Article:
And she embodied the institution’s mission in its name: mingei — which translates from the Japanese as “arts of the people.”
Few if any other museums claim that same mission, even if institutions such as the International Museum of Folk Art in Santa Fe and the American Craft Museum in New York have collections that overlap with the Mingei.
“The International Museum of Folk Art in Santa Fe comes the closest to what we do,” Sidner said. “It is also an art museum, but it trends toward anthropology. We tend toward the aesthetic values and not so much the material culture.
“In our focus on objects of use from all cultures, we really think there’s no other museum doing exactly what we’re doing.”
The key element in understanding the Mingei is that word “use.” For years, the museum has fended off numerous well-meaning proposals regarding surfboard exhibitions because they were more concerned with decoration (as in colorfully adorned surfboards).
“That’s exactly what we did not want,” Sidner said, “but then we met Richard.”
Surfer, surf scholar and board maker Richard Kenvin — who curated a small-scale surf exhibit at San Diego’s Loft 9 Gallery for the 2011, regionwide, Getty-sponsored Pacific Standard Time exhibition — has long been interested in the idea of a surf exhibition at Mingei. He had earlier approached Longenecker and in 2011 met with Sidner and Christine Knoke, the museum’s director of exhibitions and chief curator.
Kenvin wasn’t interested in people who tried to make surfboards into art. His passion was for the visionaries and innovators who contributed to the evolution of the surfboard. And in the craft and inspiration they applied to their task, they elevated the board into an object that could be appreciated as art.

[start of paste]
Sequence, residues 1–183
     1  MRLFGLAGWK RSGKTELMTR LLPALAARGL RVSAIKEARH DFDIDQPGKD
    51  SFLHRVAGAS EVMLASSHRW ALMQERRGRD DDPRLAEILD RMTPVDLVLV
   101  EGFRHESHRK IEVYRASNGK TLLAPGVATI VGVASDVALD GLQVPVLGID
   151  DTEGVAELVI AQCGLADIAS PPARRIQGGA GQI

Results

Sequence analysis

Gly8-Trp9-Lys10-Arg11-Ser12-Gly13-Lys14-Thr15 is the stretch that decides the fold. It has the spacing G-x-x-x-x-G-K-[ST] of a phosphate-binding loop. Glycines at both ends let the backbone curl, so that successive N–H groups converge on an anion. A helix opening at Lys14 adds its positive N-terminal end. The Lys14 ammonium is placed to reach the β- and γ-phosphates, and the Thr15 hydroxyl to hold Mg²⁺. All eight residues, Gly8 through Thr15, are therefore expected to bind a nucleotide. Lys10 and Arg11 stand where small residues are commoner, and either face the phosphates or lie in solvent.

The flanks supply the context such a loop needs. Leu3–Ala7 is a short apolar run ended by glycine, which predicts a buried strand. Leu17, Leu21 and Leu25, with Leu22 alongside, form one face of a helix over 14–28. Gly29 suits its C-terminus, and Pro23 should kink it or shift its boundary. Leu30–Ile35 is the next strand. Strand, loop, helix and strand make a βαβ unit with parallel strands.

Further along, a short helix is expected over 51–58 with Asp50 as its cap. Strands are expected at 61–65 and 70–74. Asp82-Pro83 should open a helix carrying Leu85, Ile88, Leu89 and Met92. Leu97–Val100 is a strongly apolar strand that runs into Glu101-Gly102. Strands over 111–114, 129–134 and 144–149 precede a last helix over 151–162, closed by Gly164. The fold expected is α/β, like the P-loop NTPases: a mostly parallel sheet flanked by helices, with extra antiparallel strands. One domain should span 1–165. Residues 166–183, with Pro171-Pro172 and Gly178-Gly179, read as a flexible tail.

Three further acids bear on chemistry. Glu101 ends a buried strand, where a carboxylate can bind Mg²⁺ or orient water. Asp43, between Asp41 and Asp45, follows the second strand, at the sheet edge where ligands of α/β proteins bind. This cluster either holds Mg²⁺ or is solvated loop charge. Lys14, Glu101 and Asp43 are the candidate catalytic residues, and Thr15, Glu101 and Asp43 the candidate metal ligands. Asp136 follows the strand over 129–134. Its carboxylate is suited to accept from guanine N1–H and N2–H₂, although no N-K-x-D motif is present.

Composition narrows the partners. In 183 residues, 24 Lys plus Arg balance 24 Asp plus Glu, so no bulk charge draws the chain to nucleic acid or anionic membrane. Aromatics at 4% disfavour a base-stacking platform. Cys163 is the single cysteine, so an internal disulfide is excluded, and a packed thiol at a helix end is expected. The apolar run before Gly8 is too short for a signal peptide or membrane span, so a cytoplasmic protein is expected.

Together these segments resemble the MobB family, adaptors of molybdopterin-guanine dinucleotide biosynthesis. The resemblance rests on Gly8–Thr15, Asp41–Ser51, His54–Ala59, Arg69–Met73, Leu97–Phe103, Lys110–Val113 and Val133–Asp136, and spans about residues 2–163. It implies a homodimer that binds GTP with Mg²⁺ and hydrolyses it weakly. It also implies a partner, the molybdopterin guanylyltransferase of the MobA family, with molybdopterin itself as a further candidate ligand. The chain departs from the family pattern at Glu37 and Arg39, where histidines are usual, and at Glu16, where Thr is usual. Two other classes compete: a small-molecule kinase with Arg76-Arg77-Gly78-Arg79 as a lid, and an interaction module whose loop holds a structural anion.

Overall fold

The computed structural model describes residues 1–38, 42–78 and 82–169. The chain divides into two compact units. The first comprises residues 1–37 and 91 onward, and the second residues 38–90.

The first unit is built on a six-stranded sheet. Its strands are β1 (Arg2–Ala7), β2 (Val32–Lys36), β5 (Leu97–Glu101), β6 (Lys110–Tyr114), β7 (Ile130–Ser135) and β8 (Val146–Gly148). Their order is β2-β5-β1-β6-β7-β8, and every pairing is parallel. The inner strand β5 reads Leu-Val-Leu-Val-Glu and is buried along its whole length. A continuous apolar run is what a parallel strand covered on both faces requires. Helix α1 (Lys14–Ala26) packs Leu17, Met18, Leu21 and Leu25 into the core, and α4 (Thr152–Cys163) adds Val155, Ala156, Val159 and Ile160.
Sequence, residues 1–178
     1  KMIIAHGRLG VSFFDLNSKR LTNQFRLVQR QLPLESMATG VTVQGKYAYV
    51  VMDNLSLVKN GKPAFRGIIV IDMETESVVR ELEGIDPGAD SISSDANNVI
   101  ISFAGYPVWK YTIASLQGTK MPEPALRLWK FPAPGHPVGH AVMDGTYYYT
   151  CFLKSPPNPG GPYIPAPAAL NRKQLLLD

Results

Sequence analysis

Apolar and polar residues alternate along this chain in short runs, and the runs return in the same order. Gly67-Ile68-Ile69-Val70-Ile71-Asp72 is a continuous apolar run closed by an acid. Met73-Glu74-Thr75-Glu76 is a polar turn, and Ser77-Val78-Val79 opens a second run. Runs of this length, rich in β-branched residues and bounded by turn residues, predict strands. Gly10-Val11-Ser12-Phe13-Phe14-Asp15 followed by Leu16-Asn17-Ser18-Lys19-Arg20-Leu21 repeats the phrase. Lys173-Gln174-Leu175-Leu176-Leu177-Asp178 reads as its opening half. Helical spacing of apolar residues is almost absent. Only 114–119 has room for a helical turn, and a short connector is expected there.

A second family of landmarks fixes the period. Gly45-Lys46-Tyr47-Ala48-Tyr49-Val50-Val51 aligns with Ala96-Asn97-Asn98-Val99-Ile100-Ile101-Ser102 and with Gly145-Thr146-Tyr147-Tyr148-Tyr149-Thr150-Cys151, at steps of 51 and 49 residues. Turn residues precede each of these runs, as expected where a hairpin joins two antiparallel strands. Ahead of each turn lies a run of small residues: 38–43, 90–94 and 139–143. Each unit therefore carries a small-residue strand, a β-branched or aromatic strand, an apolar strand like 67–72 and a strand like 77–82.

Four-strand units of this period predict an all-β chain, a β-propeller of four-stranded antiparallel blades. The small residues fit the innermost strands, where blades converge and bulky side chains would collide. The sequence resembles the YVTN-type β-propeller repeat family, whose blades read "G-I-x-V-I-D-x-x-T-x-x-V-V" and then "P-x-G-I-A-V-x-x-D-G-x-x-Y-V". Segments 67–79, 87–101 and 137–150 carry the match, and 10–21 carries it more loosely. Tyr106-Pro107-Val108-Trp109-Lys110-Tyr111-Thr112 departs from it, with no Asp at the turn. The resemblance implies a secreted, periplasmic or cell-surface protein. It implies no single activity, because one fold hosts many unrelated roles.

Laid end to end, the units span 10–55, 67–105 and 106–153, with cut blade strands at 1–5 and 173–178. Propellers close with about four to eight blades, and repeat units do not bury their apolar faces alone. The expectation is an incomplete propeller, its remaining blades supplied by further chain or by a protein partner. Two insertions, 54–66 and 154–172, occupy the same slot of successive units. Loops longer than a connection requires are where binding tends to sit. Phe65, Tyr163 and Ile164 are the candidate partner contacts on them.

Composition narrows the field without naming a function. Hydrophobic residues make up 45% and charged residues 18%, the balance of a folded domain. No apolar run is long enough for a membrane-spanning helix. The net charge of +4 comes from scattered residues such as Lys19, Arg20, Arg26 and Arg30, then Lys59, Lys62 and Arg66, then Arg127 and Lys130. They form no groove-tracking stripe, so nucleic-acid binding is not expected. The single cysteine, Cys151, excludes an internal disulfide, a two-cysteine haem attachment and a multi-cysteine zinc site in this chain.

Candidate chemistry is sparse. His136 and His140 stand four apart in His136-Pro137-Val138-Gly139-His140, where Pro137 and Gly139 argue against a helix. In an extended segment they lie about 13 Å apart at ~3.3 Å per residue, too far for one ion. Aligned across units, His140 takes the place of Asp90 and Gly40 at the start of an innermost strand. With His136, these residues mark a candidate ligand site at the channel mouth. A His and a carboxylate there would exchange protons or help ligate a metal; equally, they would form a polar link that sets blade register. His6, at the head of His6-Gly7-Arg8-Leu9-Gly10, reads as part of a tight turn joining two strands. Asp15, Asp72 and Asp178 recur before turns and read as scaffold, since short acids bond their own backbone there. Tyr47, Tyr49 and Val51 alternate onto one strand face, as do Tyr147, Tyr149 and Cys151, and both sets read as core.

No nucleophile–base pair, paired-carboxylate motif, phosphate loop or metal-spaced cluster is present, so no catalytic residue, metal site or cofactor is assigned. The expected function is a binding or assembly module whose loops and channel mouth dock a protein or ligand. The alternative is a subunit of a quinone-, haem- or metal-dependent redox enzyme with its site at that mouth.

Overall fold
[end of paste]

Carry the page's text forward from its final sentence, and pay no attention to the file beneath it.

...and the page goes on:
“There is a story there, a real important story, and a story that’s authentically mingei,” Sidner said. “It’s a solid tradition of craft and things truly being made for use with beautiful forms. It’s not about decoration but truly about function in the best way.”
The exhibit, with “Surf’s Up” as its working title, is set to open in the early summer in 2014 and remain up into the centennial. The exhibit — which will include as many as 80 boards with a catalog written by Kenvin — will trace the history of surfboard design, from the ancient alaia boards of Hawaii through the designs of the late and legendary Bob Simmons and shaper Carl Ekstrom, and also show the evolution of skateboards and snowboards from surfboards.
It may not be a blockbuster, but the museum expects it to have wide public appeal.